You will no doubt be aware that from 6 April 2016 a new 'single-tier' State Pension will be introduced. This will replace the existing Basic State Pension and Additional State Pension.

If you have already retired and you have started to receive your state pension, the changes from 6 April 2016 will not affect you.

Under the current arrangements, which cease on 5 April 2016, members of the Teachers' Pension Scheme (TPS) and Local Government Pension Scheme (LGPS) are contracted out of the Additional State Pension. People who are contracted out receive the Basic State Pension, but do not receive the Additional State Pension. In return, members of contracted out pension schemes like the TPS and LGPS pay lower National Insurance (NI) contributions on the basis that their workplace pension scheme provides additional and more than adequate alternative benefits. NI is paid by both employers and employees as a percentage of income.

From April 2016 the Basic State Pension and Additional State Pension will cease and will be replaced by the 'single tier' State Pension. The changes will mean the TPS and LGPS will no longer be contracted out and you will start paying the standard rate of NI contributions; an increase of 1.4%.

Members who reach state pension age after 6 April 2016 will receive the new 'single tier' State Pension. The amount you receive will depend on your NI record and the number of non-contracted out years you qualify for. To qualify for the full 'single tier' State Pension, you will need to have 35 non-contracted out years of service. Not everyone will qualify for the full new 'single tier' State Pension, especially those retiring on or soon after 6 April 2016. However, no one will be worse off under the new scheme. The government has confirmed that everyone claiming their state pension after 6 April 2016 will receive whatever is higher – either the amount you would get under the old system or the amount you would get under the new system. To find out what your state pension will be, please visit the DWP website.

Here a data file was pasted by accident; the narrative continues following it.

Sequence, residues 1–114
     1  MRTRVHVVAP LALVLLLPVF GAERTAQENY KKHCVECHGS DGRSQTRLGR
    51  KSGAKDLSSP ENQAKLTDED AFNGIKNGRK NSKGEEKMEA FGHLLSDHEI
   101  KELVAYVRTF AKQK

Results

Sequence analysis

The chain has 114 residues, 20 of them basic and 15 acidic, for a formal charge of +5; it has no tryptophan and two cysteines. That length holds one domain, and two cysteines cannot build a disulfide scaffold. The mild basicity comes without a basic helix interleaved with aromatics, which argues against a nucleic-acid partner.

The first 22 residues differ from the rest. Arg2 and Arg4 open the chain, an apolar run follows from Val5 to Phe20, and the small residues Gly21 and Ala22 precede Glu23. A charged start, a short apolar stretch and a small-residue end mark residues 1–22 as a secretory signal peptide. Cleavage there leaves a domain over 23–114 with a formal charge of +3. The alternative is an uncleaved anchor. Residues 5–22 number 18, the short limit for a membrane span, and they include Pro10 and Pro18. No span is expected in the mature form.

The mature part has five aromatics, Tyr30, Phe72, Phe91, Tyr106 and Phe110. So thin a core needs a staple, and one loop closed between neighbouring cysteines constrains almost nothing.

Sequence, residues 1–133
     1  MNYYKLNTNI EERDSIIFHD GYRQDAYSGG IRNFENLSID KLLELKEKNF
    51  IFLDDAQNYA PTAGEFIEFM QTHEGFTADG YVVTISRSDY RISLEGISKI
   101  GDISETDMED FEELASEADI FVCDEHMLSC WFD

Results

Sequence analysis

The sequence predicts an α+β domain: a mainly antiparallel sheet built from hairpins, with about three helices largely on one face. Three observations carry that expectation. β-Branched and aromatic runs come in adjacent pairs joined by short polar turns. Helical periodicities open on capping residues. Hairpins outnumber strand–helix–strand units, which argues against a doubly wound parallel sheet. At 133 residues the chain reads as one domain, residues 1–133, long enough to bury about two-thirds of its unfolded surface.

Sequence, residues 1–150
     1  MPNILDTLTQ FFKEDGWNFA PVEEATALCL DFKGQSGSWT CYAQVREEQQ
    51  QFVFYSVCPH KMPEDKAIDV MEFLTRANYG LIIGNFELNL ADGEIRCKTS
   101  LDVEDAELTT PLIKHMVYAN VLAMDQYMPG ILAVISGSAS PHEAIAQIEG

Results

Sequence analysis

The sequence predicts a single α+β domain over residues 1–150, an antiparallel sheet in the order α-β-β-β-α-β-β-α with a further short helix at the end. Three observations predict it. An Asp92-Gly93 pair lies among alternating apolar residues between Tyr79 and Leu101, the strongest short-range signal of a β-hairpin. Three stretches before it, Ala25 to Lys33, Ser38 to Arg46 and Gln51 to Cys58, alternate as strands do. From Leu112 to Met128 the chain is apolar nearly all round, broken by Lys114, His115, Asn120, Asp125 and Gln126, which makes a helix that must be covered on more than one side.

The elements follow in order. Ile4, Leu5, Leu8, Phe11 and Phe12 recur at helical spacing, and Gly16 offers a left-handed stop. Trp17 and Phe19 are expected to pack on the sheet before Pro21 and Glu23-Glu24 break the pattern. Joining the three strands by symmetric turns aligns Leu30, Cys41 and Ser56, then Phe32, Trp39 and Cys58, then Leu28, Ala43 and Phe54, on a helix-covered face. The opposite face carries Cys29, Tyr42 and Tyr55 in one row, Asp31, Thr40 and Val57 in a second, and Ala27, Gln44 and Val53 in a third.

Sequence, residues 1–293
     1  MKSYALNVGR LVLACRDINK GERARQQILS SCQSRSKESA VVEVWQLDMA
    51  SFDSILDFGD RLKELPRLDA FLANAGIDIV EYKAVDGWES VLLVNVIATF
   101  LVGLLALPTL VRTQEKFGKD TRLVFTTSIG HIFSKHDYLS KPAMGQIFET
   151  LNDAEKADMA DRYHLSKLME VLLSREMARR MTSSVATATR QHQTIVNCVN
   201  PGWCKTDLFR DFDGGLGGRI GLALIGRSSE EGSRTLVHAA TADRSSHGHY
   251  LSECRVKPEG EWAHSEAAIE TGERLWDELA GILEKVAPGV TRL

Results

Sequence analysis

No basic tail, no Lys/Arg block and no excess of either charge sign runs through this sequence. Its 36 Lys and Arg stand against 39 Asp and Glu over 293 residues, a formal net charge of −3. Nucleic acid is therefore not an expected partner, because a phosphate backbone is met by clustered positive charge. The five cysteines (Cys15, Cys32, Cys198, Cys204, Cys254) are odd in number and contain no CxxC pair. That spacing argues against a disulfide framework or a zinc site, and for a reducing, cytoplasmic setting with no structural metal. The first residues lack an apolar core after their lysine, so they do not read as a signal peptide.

If you have any queries about your state pension, the TPS or LGPS, please contact the ATL pension team or call 020 7930 6441.

Single tier pension and GMP/contracting out

With the introduction of the single tier state pension in 2016 comes the end of contracting out of the state second pension, formerly the State Earnings Related Pension Scheme (SERPS).

In the past, people in good occupational pension schemes were allowed to 'contract out' of the non-basic part of the state pension as their occupational pension scheme would provide at least as good benefits as the state second pension. In return, the employee and employer paid lower national insurance contributions. Teachers in the Teachers' Pension Scheme (TPS) fall into this category.

The portion of occupational pension paid that relates to the state second pension (or SERPS) has been increased each year in payment by the government, often referred to as the guaranteed minimum pension (GMP) amount. From 2016, this arrangement will cease and some people will find that their occupational pensions scheme increase overall is not as much as when the GMP portion was increased by the state from 1978-88.

This is likely to affect you most if you are due to retire in the 2016-17 tax year and you have been in the working full-time and contributing to the TPS (and therefore 'contracted out') from 1978 to 1988, when the government paid the GMP increases. This is because if you reach state pension age before April 2016 the new rules will not affect you, and if your state pension age is April 2017 onwards, you will be building up some further entitlement under the new rules.

ATL would like to hear from you if you fall into that category. Please contact the pensions team, indicating that you are affected by this GMP issue.

NB: From 2016, contracting out ends for all and so employees and employers will pay the full national insurance contribution. This will amount to around an additional £30 per month, for an employee earning roughly £34,000 per annum.

Need more help on pensions?

For further information or for specific advice on pensions issues, please contact the pensions team at ATL's London office. The telephone number for pensions enquiries only is 020 7782 1600. Please ensure that you have your membership number and relevant papers to hand when contacting ATL. Lighthouse Financial Advice has been appointed by ATL as the preferred provider of professional financial advice, should you wish to seek this. Please visit their website or call 08000 85 85 90 for more details.